Sullivan: The key is the "keep it simple, stupid" principle. The more complicated the systems area, the more likely they will not be properly maintained. The systems need to be serviceable. This is a joint effort of the architect and engineer to provide easily removable access panels that will allow proper servicing of equipment. Unfortunately, the required access panels may not fit into the architectural/interior design scheme and are often compromised.

CSE: Please share an office building success story in which you were able to enhance sustainability of an existing building. Annual statistics on energy savings and other supporting evidence would be helpful.

Nazeri: The NOAA Daniel K. Inouye Regional Center project in Hawaii is an excellent example of adaptive reuse in which two World War II aircraft hangers were repurposed as laboratory and office space. As part of the historic preservation mandate of the project brief, the entire building envelope was retained. The project benefits from a host of sustainable features including a fanless buoyancy-driven air conditioning system, 90% daylight access throughout the floor plates, a seawater-cooling system, and a solar thermal installation that meets 80% of the domestic hot water (DHW) demand of the building. The building consumes 65% less energy than a typical office building.

Arnold: Recently we renovated a 20-yr-old, 125,000-sq-ft office building. Although the client did not wish to pursue a formal LEED certification, their corporate culture required them to implement sustainable elements in all renovation projects. MEP elements that supported this initiative included the installation of LED light fixtures with individual occupancy sensors, the control of VAV boxes supporting noncontinuously occupied spaces from lighting-control occupancy sensors, replacement of existing air-handling unit components with high-efficiency, energy-saving elements, and the installation of waterless and low-flow fixtures. The project is currently approximately 60% through construction, and final energy savings are not yet available.

CSE: Please describe your experience in smart or intelligent office buildings.

Michael Walsh: Overall, we have had great experiences and results with smart office buildings. However, we have learned the increased importance of educating the client. This not only means the operations staff as discussed previously, but also the end users who will occupy the spaces. We have all heard anecdotal stories of people constantly calling operations to tell them a light fixture is burned out when, in reality, the fixtures are on daylight sensors. When we designed the passive chilled-beam system, an active display was created in a common area with educational posters and user-activated lighting that helped explain how the system worked and why they may not feel or hear the typical airflows they are used to with ducted systems. We believe this went a long way in helping everyone understand their new high-performance environment.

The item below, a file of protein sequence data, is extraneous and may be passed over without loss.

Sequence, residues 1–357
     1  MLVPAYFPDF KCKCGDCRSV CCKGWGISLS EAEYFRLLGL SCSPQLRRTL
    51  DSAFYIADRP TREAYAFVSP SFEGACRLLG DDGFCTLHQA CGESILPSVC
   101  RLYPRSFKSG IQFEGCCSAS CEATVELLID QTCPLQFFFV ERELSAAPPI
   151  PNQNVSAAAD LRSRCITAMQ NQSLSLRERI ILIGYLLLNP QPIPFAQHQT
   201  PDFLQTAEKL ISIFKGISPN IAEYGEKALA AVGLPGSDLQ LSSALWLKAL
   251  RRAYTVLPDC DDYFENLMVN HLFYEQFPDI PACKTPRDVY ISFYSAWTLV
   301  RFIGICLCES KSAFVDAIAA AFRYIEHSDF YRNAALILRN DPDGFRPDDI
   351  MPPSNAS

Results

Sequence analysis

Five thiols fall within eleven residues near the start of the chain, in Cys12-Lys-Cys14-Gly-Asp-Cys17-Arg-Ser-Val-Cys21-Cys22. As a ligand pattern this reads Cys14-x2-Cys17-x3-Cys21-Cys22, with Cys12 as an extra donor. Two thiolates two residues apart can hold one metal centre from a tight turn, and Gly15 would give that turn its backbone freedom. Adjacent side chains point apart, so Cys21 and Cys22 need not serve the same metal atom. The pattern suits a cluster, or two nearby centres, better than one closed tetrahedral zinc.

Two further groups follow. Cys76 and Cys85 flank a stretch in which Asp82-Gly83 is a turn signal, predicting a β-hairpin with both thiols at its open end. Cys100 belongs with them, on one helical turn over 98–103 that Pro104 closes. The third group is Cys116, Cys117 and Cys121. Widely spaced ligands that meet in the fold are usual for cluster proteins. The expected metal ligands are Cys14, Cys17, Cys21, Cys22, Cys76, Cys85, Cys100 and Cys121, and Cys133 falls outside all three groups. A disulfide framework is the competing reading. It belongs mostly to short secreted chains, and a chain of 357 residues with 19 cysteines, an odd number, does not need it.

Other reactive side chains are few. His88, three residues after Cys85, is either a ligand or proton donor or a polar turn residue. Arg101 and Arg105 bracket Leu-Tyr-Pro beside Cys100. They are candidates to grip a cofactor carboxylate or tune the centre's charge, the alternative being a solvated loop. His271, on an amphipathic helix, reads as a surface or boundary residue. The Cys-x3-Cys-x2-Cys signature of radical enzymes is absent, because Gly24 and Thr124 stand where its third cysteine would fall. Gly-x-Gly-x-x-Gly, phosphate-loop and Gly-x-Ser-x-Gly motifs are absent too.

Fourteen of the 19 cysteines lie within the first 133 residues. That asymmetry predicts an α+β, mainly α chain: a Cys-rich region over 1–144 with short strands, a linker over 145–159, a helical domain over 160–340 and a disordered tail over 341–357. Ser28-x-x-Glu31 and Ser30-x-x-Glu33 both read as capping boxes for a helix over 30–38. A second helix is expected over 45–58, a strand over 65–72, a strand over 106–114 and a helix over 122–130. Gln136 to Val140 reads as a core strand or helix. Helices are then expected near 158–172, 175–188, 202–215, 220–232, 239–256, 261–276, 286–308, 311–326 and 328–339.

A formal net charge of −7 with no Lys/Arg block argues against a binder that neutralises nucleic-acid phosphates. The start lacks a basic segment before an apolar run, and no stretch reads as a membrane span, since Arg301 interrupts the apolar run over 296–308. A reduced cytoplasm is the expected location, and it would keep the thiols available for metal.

Nazeri: Many buildings that are designed to achieve high-performance design goals, fail to achieve them in actual practice. The root of this problem stems from the fact that our analysis models assume that a building and its systems will be installed and operated to perfection. Reality tells us that this is seldom the case. Buildings are not mass-produced in the same manner that manufacturing processes can be gradually fine-tuned and honed to deliver close to zero defects. Rather, buildings are individually designed and tailored to the specific context of the site and client needs. As such, each building is, in effect, a complex prototype-and as with all prototypes, some level of post-production fine-tuning should be expected. Historically, the construction process has been very poor in this regard. Building systems are typically commissioned in a 2- to 3-wk period at the end of construction. This process is useful in identifying if a system can successfully deliver design temperature, humidity, pressure, etc., but often fails to determine whether it does so using the requisite amount of energy that was predicted during design. In recent years, we have seen the use of smart building systems to help tackle this. Through a cloud-based interface, building-performance trending and diagnostic software enable engineers to remotely trend the performance of their buildings and to diagnose design or installation flaws that may have been missed during commissioning. Furthermore, diagnostic algorithms can be programmed that are able to automatically detect nonconformant operation and to notify interested parties. Through this process of post-occupancy refinement, we are beginning to see a far stronger correlation between predicted and actual in-use building-energy performance.